You don't have to be an expert photographer to follow these 7 simple tips for better travel photography!
Here are my favorite ways to add a little pizzaz to your travel pics, whether you're capturing memories with a smartphone, DSLR camera or GoPro.
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1. Start with the basics, symmetry.
Symmetry is simple to do. Align your focal point in the center, capture images that have a similar or identical left/right side for a cool framing effect around the central focal point.
2. Shadow & light play
Manipulating shadows and light can highlight certain areas of an image and add drama. Here I featured streaks of light across a mountainside, striking beams of light at night, dark silhouettes with a cityscape and sunrise framed by darkness.
3. Through objects
I love depicting an "inside looking out" vantage point in my travel photography. I do this by capturing landscapes or distant objects inside of things like windows, rails, fences, or even large architectural elements like the aqueduct featured in the far right image above.
4. Foreground objects
There's no better way to add depth to an image than by having an object in the foreground. An image can look flat when everything in the picture is at the same distance. Try blurring objects in the foreground and only focusing on what's further away for even more professional looking photos!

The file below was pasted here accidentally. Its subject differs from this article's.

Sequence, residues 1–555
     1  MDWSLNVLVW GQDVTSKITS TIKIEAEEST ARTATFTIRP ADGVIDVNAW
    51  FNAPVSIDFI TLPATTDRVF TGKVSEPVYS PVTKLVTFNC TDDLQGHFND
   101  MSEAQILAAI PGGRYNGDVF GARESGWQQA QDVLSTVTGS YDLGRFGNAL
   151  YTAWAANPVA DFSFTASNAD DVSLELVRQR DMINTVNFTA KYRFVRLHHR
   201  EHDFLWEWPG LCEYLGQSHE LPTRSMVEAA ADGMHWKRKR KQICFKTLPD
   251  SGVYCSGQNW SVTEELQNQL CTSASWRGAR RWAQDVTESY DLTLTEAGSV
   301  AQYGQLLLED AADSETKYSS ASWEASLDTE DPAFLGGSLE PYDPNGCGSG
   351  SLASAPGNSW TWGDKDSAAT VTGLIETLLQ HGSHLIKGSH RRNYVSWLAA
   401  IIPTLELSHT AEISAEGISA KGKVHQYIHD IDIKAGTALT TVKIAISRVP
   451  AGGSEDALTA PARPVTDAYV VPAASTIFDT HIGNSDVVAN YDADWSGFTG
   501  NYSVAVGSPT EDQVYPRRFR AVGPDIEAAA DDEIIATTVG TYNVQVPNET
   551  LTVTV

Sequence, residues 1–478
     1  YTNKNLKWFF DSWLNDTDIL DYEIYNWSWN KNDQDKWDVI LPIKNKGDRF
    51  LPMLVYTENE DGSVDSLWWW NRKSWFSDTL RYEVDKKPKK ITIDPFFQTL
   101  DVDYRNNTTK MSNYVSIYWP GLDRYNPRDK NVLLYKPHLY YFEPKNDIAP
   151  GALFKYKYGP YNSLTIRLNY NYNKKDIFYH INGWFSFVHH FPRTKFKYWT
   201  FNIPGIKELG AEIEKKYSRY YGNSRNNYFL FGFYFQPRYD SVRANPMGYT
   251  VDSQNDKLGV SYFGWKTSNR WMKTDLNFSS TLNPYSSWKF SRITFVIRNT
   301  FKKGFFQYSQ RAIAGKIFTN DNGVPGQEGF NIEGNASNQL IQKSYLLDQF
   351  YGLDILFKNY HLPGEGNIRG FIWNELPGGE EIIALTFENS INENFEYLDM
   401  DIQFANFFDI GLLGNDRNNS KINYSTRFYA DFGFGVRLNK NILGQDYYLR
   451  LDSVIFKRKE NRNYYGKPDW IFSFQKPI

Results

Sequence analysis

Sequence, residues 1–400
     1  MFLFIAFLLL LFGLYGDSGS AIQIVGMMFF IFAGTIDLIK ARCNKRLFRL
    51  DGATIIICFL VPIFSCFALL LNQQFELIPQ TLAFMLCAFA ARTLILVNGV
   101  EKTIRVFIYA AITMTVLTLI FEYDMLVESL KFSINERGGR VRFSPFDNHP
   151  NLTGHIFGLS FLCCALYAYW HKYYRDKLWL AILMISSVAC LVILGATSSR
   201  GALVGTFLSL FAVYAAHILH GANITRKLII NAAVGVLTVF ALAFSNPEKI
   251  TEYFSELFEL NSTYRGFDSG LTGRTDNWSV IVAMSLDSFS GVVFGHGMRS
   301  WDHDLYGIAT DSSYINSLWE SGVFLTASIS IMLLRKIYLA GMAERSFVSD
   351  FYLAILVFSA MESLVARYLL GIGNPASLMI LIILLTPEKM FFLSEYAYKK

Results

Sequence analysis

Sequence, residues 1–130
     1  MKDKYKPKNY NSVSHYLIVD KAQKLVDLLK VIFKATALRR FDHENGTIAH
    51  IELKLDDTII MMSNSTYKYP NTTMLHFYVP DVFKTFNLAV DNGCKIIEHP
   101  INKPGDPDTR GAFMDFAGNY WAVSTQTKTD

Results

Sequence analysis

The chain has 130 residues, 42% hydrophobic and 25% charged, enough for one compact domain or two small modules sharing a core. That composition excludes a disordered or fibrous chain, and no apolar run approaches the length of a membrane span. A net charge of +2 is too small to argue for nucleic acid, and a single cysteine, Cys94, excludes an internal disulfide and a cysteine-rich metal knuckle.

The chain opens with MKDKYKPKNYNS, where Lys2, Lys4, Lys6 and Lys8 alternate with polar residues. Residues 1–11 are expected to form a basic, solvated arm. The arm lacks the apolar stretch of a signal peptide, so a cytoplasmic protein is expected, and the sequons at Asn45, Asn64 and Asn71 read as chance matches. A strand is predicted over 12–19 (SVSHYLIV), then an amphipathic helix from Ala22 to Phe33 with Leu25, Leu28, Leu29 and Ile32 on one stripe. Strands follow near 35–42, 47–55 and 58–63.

5. Blurred Motion
This is how I depict motion in an image. Most smartphones will do this automatically, or you can use a lower shutter speed on a digital camera. Fountains and waterfalls are the easiest place to start, where everything in the image is in focus and the water blurs. However, I'm a huge fan of standing in the middle of a crowd and using this technique on the passers-by. It's my favorite way to showcase a city in motion!
6. Upward perspective
I find scenes to be more interesting when the camera is at a near perfect straight angle looking up. Especially when there is something interesting, symmetrical, or a cool detail that you otherwise wouldn't have noticed. For example, the palm trees above seem more towering with an upward perspective. Combine this technique with symmetry and you get an image like the La Sagrada Familia staircase I captured above.
7. Minimalism & architecture
I think unique buildings and interesting architecture look best against a monochrome background... making the sky a perfect choice! The eye is forced to look at a building's details when there is nothing else in the image.
Keep these tips in mind to enhance your travel photography, even if you're only using a smartphone. And as always, these are just my opinions and what works for me!